I recently saw some advice on writing a job ad.
You’ve got a list of duties lying around somewhere (last one = other duties as assigned).
Write and intro and an outro, slap that list on a job board, and bingo bango, you’re on your way to a great hire!
I probably don’t have to say that hiring is one of the most important things you do in your organization, but I maybe I do need to say that this lazy approach to hiring stinks!
Why you can’t follow that advice
Some really smart people have figured out that there are seven categories (seven whole categories!) of information that candidates consider before choosing a job:
- job characteristics
- organizational characteristics
- recruiter behaviours
- recruitment process characteristics
- perceived fit
- perceived alternatives
- hiring expectancies
The good news is that while every one of those categories is really important to candidates, they’re important at different times.
Specifically, there is one category of information that’s most important to candidates at the beginning of a search, when they’re looking at job ads.
It’s called perceived fit and it refers to “candidate perception of how well their goals, values, and ideals suit the job (person-job fit) and organization (person-organization fit).”
In simple terms that means when a candidate is first considering whether to apply for your job, they’re mostly considering whether their goals, values, and ideals suit your job and organization.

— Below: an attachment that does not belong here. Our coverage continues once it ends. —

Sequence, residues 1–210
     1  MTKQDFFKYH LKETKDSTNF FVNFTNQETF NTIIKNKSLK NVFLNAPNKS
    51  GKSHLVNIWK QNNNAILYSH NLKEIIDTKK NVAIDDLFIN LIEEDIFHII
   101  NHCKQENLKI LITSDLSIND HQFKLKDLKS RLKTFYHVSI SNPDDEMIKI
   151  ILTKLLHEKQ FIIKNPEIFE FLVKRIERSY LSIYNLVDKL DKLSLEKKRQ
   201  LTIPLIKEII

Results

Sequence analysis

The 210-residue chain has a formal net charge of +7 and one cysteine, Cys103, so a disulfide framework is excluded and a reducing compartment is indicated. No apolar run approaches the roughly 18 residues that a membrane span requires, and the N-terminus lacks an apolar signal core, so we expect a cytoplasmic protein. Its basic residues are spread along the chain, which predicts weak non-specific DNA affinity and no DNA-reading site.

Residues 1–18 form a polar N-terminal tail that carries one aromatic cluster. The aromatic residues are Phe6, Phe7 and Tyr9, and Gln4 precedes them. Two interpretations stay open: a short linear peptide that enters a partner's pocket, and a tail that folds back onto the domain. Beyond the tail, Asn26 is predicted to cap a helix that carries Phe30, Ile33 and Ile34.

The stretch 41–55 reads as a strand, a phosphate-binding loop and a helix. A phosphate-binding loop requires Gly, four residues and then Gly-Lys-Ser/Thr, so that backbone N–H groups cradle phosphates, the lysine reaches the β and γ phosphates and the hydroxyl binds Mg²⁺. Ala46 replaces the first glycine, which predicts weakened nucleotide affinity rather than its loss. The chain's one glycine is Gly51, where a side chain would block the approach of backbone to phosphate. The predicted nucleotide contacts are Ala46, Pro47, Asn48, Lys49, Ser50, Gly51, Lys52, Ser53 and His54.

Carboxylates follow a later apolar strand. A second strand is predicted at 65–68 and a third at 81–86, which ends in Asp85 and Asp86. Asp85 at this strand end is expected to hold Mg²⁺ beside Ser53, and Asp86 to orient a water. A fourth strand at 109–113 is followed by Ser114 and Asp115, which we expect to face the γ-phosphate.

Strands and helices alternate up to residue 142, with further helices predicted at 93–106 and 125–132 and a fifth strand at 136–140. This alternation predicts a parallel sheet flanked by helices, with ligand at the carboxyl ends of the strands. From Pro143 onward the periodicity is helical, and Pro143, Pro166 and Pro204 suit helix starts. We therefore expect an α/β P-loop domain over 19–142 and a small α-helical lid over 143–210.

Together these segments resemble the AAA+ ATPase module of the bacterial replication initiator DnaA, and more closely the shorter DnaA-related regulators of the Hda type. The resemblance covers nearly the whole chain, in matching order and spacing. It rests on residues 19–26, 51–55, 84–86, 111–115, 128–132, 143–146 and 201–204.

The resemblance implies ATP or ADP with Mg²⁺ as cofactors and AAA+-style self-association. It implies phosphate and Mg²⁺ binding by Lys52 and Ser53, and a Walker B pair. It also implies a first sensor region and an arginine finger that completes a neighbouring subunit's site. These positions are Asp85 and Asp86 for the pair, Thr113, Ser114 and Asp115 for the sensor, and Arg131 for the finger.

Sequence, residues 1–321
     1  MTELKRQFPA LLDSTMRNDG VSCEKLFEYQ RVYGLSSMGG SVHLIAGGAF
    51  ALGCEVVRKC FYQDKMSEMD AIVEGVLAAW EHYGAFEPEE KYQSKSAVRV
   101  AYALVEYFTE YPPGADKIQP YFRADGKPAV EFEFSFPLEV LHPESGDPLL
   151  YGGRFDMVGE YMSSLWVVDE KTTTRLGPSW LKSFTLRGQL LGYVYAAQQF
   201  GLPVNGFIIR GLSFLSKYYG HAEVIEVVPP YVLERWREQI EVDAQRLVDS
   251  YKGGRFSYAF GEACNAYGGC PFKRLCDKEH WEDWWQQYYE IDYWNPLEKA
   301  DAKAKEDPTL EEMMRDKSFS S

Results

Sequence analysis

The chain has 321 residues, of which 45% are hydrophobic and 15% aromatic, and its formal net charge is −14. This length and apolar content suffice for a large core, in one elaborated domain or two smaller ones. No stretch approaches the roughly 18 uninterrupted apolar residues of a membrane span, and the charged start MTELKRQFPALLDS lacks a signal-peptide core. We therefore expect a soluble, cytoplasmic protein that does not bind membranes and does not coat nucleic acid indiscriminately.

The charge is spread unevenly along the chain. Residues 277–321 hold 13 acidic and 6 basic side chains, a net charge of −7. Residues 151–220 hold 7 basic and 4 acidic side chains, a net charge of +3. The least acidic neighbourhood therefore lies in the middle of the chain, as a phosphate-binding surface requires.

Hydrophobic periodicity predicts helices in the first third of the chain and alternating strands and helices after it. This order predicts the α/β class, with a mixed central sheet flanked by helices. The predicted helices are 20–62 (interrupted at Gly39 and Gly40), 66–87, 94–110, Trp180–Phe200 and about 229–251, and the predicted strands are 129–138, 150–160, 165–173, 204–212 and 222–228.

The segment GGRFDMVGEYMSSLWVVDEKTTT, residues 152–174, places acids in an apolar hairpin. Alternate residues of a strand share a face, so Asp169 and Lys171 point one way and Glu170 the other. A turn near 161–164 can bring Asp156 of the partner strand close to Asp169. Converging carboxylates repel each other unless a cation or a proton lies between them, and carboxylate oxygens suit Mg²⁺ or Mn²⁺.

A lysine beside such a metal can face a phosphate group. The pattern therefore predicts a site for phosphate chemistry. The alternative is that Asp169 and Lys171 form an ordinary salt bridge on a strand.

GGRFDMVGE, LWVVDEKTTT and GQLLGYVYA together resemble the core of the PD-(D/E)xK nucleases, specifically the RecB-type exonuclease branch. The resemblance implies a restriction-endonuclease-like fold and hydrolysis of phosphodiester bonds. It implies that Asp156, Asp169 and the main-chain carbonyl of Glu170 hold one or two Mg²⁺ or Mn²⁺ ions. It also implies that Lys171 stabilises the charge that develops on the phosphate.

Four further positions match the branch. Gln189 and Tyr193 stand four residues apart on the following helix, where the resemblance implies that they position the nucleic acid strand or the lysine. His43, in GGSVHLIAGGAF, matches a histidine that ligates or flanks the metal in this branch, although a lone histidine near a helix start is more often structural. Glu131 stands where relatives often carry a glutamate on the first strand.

They’re asking themselves, “I really like a casual atmosphere and a fun team. Will I have to wear a tie every day to fit in?” or “I need my work to make a difference in the community. Does this organization give back?” or “Growing my knowledge and skills is what drives me. Do these people create opportunities for growth?”
[By the way, candidates are super interested in job characteristics like duties and compensation; they’re just more interested in those things later in the process.]
So if you’re following the old job ad advice – intro, list, outro – you’re not actually providing information about the #1 thing that potential candidates care about in the moment.
What to do instead
Unless you can afford to have recruiters chasing qualified people for you, you’re probably depending on your job ads to pull in good candidates. If that’s the case, candidates who don’t apply to your job ad are…well…not candidates.
The job ad’s purpose is to compel people to apply to your job or else you won’t even be able to consider them. We’ve long forgotten that a job ad is an advertisement and if it’s not showing off your unique goals, values, and ideals, it’s missing the mark.
Even with no budget, you can still create a job ad that shows off your unique goals, values, and ideals.
The tone, language, and content of your ad should point towards your true culture (and I don’t mean those dusty words above reception; I mean what you actually care about).
Talk honestly about what you’re trying to achieve, what your employees value in their work, what you do more and better than any other organization, and what it’s really like to work with you.
Thanks to those smart people I mentioned before, we know that candidates will use even small clues to make inferences about fit. For example, if you have a picture of diverse people on your careers page, they might infer that you value diversity. If you have humour in your ad, they might infer that you have a fun and humourous culture. If you use sleek fonts and design, they might infer that you are progressive. Even little clues can mean a lot.
So stop giving candidates a giant list of duties and start giving them your goals, values, and ideals so they can make the right choices.
And if you want some help, not to brag or anything, but our clients have told us we’re pretty good at turning plain old lists into works of art.